Rev will become second German shepherd in ranks of sheriff’s office that has found the four-legged officers to be highly effective at fighting drug scourge
The Ozaukee County Sheriff’s Office deputy dog has proven so useful, especially when it comes to fighting the war on drugs, that the department will add a second four-legged officer to its ranks next month.
Rev, a 1-1/2 year old, 75-pound German shepherd, will officially join the force during a public ceremony on May 6.
“Obviously we have a drug addiction problem in this county, and a lot of what our dog does is drug detection,” Sheriff Jim Johnson, a former police dog handler, said. “Having a second dog means more time on the streets with K9 units.”
Rev will join the department’s current dog, Wasko (pronounced Vasko), a 4-year-old German shepherd who joined the force in 2015. Wasko was the department’s first dog since Argo, who was handled by Johnson, retired in 2002.
Both dogs were born in Germany, and like Wasko and his handler, deputy Brad Arndt, Rev and his handler, deputy Becky Swanson, are being trained at the Steinig Tal Police K9 Academy in Campbellsport.
“I think Rev has a little ADD (attention deficit disorder),” Swanson said. “We were working on obedience today and Rev was watching butterflies.”
That may be the puppy in him, but if Wasko is any indication, Rev will be all business on the job and, in particular, an asset when it comes to finding illegal drugs like heroin.
The dogs are trained to detect marijuana, cocaine, heroin and methamphetamine, as well as synthetic marijuana and some fake opioids, and they leave nothing to guess when they find what they’re smelling for.
“Wasko is an aggressive indicating dog,” Arndt said. “He’ll bite, scratch and bark at a vehicle if he detects drugs. In training once, he took a side-view mirror off a truck.”
Wasko’s ability to detect drugs is so sensitive that he can detect even traces amounts, Arndt said.
“He once indicated on the hood of a car,” he said. “The driver said he had smoked a joint earlier and leaned on the car where Wasko indicated.”
That’s why it’s important that handlers have confidence in their dogs, Johnson said.
“My dog once indicated on a hamburger and I’m like, ‘What is wrong with you? It’s a hamburger,’” Johnson said. “Then I remembered what my trainer said — always trust your dog. It turns out there were two bindles (envelopes for drugs) of cocaine in the burger.”
But Wasko and Rev are hardly one-trick ponies. They receive general police training, which means they can track and apprehend suspects, search for people and evidence and protect their handlers. Wasko also works with the county’s Special Response Team.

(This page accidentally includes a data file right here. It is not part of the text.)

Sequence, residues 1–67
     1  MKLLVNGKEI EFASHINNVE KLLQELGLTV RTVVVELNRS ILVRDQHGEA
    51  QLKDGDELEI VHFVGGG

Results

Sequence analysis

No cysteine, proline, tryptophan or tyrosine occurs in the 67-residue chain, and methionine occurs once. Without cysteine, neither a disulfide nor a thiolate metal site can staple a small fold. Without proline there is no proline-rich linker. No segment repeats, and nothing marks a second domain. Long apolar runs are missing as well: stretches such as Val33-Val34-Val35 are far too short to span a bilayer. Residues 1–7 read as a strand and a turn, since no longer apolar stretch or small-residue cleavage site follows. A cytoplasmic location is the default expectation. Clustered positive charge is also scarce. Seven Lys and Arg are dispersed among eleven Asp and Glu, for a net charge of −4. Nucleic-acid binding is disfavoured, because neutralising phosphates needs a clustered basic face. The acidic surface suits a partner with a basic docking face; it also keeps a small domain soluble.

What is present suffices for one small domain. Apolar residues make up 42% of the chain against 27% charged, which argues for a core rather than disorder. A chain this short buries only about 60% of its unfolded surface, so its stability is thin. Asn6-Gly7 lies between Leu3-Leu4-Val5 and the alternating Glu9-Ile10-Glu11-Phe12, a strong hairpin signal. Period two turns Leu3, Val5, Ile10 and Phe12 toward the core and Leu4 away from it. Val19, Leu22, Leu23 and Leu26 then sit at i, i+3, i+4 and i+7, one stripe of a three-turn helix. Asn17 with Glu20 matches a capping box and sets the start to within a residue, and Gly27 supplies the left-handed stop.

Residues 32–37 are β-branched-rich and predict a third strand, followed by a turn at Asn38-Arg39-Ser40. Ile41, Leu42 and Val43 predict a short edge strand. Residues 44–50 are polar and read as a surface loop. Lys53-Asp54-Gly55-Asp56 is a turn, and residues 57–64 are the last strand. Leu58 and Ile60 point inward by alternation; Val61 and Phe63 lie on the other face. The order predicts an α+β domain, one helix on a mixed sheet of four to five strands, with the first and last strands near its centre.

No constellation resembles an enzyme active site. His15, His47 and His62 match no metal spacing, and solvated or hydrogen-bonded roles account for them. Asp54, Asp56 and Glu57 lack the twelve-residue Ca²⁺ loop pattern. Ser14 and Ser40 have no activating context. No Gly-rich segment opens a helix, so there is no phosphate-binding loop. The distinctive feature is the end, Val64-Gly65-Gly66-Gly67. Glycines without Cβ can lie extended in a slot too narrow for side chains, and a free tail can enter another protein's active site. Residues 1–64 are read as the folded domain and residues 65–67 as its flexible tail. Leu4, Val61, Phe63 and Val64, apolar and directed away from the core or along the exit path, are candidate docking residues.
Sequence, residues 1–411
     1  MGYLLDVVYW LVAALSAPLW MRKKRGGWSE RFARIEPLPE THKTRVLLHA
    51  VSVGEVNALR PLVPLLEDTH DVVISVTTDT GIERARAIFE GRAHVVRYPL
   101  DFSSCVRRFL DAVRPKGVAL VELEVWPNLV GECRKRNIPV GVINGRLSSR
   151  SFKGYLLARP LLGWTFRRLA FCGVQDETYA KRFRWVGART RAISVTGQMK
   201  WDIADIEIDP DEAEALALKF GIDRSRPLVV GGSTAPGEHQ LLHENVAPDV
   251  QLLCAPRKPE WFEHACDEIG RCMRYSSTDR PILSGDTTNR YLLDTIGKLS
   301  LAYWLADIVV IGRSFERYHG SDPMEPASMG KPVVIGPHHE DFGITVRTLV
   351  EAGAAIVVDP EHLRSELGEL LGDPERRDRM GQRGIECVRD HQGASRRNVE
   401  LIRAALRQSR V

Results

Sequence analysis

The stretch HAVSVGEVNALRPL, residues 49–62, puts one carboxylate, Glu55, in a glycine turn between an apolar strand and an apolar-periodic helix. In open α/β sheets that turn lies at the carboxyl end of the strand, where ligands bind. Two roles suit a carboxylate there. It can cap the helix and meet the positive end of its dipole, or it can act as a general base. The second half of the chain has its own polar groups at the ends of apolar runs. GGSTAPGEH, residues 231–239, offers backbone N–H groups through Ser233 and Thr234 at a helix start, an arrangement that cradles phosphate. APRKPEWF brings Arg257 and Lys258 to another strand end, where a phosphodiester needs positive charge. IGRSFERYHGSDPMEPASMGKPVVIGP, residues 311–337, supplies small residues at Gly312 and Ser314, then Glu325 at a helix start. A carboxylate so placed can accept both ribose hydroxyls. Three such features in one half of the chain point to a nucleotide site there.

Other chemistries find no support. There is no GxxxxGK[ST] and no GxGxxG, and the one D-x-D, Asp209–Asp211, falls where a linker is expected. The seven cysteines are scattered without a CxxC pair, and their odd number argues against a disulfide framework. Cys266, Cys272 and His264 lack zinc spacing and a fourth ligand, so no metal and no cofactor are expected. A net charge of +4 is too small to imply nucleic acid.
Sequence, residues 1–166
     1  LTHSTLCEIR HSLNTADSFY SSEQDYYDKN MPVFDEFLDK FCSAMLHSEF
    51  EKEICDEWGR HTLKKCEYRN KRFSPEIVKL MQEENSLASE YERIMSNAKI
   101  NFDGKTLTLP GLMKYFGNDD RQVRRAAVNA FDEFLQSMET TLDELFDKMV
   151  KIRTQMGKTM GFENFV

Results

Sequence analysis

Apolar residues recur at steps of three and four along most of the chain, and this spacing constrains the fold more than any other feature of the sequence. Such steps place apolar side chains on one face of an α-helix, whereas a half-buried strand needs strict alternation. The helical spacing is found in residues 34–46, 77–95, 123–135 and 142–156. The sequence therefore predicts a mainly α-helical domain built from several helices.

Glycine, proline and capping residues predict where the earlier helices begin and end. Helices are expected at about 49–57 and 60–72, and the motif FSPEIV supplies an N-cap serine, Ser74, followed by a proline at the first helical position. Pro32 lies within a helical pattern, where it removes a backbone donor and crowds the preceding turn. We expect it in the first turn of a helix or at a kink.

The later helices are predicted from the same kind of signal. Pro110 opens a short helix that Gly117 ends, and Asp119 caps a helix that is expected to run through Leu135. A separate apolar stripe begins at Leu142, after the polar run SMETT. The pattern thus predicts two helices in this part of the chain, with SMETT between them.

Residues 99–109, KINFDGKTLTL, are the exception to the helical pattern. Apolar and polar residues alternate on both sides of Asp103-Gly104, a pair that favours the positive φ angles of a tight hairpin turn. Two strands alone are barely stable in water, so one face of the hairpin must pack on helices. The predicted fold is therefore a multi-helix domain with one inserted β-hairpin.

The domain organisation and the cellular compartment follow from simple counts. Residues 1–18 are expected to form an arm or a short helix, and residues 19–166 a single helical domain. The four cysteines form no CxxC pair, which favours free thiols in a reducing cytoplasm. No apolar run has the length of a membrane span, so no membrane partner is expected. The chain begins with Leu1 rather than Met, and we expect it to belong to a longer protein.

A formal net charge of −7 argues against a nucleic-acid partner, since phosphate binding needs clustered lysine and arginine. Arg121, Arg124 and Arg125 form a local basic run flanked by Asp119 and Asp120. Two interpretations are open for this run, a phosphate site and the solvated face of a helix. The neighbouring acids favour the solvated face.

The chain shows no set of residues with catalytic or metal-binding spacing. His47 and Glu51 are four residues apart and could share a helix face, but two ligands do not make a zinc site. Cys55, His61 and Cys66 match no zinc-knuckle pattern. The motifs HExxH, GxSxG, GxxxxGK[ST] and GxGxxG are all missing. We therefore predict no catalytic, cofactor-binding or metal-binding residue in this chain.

Although Wasko has the speed and strength to chase down and apprehend suspects, he’s usually able to convince the bad guys to rethink their decision to run, Arndt said.
“Most of the time his bark is enough to stop that from happening,” he said.
While all business on the job, police dogs like Wasko have what their handlers describe as an uncanny ability to be gentle pets off the job, which is important because they are the constant companions of their handlers and live with them.
For Wasko, that means living in a household with Arndt’s 8-month-old and 3-year-old sons and his 9-year-old golden retriever.
“On the job, he’s what I call very confident, but he turns that off at home,” Arndt said. “My kids will crawl on him and pull his hair, and all he does is walk away if he gets sick of it.
“It’s pretty remarkable, especially when you consider what he can do when he has his game face on.”
Because public relations is part of Wasko’s job description, a gentle demeanor in the appropriate situations is critical.
“He’s literally been petted by thousands of kids,” Arndt said.
As for Rev, he’s still settling into his new home with Swanson and her two dogs.
“Rev isn’t exactly a fan of other dogs yet,” she said.
Police dogs cost $13,000 to purchase and train and require additional annual training and recertification.
Rev was purchased with a $8,000 donation from the Tyler Benjamin Bares Memorial Fund, named for the 26-year-old Fredonia man who died of a heroin overdose in May 2003. Other donations will cover the remainder of the cost, Johnson said.
Wasko was purchased with a $13,000 donation from the late Stan Kass, a Brown Deer philanthropist who funded the purchase of several police dogs in the area.
Rev will become the fourth police dog in the county, joining Wasko, the Mequon Police Department’s German shepherd Iron and the Cedarburg Police Department’s black Labrador Jake.
A 1-1/2-YEAR-OLD German shepherd named Rev, who posed with his handler deputy Becky Swanson outside the Ozaukee County Sheriff’s Office in Port Washington Monday, will become the department’s second deputy dog next month. The department’s other dog, 4-year-old Wasko, who was with his handler deputy Brad Arndt (background), joined the force in 2015. Photo by Bill Schanen IV